But to get to this level of audience insight, you need to be able to look at your social and search data through a different kind of lens – one that doesn’t stop at what topics your audience is talking about; it also considers how they talk about those topics.
This leads us to the third technique: semantic analysis.
A big reason behind Google’s Page Experience updates is that they want to provide the most complete content possible so someone can search, click, and be done. Semantic analysis can bring you closer to this ideal by uncovering areas where your existing body of content may be incomplete – topics and considerations you may be missing, related concepts you aren’t referencing, or core knowledge or areas of expertise you’ve failed to incorporate in your content conversations.
Google’s algorithms know what subjects are associated with the keywords you already found. Paxton says you can take your keyword research to the next logical step by performing a TF-IDF analysis.
TF-IDF analysis is a process for identifying, analyzing, and reverse-engineering the conditions that may cause Google to rank competing content higher for your chosen keywords than your content. It surfaces semantically related terms that your audience expects to see when they’re researching a topic of interest. “Including those terms in the content you create around that subject will bring more weight and authority to your conversations – in the eyes of both Google and your audience,” says Paxton.Including semantically related terms in your content will bring more weight and authority to your conversations – in the eyes of both Google and your audience, says @PaxtonMGray via @CMIContent. Click To Tweet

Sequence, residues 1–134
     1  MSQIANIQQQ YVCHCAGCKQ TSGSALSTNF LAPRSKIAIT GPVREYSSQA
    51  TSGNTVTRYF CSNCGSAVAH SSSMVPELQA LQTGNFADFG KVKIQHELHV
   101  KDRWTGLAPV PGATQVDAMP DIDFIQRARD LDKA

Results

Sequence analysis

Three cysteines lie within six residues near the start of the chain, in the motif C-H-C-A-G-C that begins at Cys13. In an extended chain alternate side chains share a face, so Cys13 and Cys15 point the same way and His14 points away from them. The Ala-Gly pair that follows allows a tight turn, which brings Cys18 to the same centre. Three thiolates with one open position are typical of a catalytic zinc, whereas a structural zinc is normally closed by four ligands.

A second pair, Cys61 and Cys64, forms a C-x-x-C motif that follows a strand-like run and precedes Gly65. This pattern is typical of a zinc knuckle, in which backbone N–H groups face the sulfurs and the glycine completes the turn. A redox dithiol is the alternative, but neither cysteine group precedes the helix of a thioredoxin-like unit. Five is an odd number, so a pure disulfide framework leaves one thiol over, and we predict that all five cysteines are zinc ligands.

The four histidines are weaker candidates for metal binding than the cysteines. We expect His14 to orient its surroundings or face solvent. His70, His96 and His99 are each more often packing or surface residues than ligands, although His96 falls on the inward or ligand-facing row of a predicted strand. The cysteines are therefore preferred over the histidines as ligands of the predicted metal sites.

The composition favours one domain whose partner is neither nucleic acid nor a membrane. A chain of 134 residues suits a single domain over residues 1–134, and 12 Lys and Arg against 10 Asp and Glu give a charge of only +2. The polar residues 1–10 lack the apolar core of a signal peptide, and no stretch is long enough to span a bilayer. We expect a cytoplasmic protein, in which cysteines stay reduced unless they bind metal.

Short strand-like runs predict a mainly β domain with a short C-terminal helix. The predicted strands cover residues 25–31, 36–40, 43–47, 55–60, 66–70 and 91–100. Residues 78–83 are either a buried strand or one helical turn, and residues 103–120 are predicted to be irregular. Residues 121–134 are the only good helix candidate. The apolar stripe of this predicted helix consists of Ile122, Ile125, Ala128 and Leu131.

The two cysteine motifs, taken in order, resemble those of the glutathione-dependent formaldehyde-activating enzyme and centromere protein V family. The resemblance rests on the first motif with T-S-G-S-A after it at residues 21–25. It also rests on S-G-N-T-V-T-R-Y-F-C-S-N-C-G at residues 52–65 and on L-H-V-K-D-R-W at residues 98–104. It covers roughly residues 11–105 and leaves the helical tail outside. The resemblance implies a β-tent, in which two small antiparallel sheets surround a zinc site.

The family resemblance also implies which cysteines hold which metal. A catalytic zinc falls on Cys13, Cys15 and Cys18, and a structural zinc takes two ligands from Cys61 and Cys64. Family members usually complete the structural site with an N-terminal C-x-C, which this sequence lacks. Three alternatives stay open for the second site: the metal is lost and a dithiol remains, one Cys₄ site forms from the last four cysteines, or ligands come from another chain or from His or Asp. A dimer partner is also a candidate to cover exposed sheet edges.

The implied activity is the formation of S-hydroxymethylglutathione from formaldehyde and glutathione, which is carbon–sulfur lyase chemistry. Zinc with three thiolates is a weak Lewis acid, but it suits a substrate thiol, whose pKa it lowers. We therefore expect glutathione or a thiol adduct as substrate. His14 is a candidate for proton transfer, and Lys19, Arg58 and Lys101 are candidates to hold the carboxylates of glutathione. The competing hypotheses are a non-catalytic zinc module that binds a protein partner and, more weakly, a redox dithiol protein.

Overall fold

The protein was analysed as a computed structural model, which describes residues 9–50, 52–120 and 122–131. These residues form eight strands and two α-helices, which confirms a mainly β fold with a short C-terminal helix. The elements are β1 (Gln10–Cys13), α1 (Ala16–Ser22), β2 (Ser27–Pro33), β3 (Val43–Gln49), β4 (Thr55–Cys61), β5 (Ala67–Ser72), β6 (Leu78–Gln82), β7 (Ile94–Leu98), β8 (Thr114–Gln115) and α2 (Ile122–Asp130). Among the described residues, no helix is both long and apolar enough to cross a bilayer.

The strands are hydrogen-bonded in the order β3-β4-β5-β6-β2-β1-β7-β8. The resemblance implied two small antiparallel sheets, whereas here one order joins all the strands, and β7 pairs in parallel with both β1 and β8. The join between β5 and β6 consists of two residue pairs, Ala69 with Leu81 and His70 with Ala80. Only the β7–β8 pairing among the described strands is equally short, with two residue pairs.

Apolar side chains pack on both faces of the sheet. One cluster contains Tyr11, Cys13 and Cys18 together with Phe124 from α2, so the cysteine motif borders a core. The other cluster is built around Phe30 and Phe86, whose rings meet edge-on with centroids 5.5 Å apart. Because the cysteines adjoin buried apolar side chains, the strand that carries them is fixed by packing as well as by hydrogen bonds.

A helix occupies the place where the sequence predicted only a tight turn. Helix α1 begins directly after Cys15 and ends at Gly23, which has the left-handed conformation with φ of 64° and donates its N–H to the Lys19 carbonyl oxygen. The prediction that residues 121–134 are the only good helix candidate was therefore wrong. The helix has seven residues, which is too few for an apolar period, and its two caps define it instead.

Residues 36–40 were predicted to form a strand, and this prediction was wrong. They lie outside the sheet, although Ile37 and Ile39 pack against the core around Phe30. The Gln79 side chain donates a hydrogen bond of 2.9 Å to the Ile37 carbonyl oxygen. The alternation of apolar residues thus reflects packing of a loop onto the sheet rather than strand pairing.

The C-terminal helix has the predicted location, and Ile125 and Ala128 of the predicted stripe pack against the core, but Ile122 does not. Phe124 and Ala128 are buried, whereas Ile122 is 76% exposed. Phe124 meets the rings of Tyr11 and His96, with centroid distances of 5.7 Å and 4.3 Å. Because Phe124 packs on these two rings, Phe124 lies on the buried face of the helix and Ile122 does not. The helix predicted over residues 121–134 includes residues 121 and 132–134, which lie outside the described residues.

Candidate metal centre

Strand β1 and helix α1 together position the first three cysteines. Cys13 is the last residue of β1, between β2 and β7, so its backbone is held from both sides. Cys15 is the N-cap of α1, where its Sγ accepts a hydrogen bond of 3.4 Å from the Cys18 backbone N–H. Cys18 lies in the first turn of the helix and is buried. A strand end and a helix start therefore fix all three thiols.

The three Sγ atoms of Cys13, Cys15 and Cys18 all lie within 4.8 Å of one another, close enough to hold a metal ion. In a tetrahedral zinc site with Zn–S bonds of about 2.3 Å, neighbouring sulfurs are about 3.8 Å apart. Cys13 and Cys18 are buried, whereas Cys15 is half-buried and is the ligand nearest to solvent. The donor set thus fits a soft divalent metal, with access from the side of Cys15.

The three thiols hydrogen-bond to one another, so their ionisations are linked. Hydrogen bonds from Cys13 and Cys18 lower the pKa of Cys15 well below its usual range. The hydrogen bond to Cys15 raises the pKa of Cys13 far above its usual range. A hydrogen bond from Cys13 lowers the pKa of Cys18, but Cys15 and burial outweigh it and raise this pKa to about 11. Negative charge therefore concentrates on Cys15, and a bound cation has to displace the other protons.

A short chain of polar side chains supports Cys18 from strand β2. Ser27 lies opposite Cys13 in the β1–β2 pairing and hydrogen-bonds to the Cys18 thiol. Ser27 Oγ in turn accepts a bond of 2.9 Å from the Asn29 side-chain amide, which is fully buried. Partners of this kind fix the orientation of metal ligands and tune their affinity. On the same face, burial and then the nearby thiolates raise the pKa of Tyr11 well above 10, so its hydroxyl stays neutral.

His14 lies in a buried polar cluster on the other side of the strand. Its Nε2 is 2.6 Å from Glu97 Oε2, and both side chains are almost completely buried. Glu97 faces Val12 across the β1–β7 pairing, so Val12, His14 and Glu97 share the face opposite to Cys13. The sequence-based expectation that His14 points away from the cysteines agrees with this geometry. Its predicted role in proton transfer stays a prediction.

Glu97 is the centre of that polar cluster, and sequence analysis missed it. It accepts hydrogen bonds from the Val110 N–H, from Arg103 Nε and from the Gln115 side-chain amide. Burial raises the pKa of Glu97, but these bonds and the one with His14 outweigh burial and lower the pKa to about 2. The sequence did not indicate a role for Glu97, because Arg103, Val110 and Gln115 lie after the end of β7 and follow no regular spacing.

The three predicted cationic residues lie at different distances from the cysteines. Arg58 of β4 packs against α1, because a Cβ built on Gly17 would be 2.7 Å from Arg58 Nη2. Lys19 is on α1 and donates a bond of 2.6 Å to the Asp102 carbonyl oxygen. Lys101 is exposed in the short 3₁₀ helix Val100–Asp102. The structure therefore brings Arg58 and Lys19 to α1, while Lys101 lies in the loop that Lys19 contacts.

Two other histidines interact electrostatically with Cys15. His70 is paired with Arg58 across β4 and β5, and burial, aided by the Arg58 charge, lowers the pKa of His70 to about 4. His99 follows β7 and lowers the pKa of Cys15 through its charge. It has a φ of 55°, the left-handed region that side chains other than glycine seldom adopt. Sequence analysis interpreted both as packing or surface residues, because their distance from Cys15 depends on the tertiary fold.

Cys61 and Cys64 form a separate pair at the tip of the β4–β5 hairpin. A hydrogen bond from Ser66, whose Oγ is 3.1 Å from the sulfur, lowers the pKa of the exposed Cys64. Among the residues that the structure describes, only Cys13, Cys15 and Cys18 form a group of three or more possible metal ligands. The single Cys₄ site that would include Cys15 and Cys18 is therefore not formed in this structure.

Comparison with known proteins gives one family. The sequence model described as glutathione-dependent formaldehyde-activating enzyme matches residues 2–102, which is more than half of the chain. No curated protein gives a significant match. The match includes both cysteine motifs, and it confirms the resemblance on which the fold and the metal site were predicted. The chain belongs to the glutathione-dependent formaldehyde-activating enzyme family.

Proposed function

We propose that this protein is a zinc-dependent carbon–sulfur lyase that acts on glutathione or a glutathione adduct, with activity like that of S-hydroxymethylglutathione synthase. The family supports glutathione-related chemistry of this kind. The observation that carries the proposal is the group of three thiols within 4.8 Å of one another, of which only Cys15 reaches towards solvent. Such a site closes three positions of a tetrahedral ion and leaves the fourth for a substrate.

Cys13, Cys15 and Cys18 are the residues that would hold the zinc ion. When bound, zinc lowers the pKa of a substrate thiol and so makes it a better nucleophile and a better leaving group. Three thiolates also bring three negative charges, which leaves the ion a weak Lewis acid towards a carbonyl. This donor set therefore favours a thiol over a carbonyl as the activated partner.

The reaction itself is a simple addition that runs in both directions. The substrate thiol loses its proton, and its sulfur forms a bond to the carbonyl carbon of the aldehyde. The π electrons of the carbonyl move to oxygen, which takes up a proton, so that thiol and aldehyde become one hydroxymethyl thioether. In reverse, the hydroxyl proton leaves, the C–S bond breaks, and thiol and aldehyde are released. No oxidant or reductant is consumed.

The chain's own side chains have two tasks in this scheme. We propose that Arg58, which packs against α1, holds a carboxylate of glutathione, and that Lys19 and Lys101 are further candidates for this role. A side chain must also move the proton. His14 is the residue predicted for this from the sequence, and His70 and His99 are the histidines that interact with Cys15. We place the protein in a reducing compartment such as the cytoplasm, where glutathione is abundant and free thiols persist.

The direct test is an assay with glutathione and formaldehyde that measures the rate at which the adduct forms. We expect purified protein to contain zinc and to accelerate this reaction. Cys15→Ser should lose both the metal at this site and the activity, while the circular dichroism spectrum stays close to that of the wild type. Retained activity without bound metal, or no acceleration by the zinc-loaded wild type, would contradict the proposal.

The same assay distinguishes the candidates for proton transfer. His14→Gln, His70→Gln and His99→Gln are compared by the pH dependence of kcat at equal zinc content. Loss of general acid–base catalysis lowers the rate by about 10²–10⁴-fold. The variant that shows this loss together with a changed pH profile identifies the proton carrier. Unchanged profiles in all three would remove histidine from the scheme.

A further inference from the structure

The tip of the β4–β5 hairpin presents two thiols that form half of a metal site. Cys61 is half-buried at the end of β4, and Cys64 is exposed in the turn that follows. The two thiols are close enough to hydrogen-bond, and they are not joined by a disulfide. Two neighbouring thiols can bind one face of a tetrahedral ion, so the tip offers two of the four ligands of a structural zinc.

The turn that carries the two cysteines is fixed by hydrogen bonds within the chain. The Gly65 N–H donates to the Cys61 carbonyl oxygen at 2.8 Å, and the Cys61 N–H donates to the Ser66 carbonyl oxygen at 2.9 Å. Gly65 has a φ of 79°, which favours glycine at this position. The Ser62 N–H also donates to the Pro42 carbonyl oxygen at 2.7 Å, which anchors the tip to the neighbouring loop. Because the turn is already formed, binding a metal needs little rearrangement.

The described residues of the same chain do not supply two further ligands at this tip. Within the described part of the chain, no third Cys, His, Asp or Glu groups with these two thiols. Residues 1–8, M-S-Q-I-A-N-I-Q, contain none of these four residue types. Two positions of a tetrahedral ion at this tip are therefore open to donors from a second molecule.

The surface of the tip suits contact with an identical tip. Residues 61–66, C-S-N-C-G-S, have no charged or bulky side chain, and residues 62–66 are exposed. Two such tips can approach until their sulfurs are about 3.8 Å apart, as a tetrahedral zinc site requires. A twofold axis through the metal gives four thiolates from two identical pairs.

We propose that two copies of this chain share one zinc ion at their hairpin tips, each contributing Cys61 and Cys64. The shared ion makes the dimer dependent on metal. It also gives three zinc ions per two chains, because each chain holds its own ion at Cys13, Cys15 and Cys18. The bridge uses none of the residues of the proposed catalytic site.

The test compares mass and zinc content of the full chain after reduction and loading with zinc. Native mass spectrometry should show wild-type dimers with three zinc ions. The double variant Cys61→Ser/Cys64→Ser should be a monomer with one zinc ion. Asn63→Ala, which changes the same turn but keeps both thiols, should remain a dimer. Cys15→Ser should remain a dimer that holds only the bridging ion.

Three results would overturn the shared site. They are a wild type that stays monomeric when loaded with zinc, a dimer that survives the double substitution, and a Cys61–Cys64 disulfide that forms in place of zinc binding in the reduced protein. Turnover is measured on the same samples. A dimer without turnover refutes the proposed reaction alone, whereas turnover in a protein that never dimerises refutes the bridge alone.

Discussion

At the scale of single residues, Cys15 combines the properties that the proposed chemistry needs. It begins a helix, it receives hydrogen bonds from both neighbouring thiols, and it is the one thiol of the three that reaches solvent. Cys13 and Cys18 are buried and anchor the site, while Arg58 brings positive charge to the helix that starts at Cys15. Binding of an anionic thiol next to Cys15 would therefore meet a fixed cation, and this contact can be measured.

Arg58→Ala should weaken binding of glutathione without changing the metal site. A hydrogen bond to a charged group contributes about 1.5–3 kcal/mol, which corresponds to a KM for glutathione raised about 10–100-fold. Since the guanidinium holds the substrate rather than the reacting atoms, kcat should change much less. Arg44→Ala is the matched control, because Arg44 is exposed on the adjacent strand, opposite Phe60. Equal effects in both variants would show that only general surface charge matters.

Paxton shares a personal example of the kinds of customer benefits that can result when marketers use the technique:
“I’m about to go backpacking, and I’m looking for a jacket that provides the durability I need for my trip. As I sort through the top articles listed on my keyword search for ‘jackets for backpacking,’ I see the first one talks about the warmth of the jacket, but not its durability. So, I have to go back and sort through multiple results until I find one that talks about durability.
“If the first article had covered everything about the jacket that I care about, such as its materials, the climates and terrains it’s best suited for, etc., I would immediately have been more satisfied with my search experience – and more interested in engaging with the brand that made that possible.”
As search shifts, so must marketers’ philosophy
Google wants to provide a good experience for users, and they need great content to do that. So, instead of trying to plan your content around conforming to Google’s algorithmic expectations, use the power of search to find hidden opportunities to write for your audience in more personally resonant ways. Create content that’s so great Google has no choice but to rank it as a complete, unique, and highly desirable experience.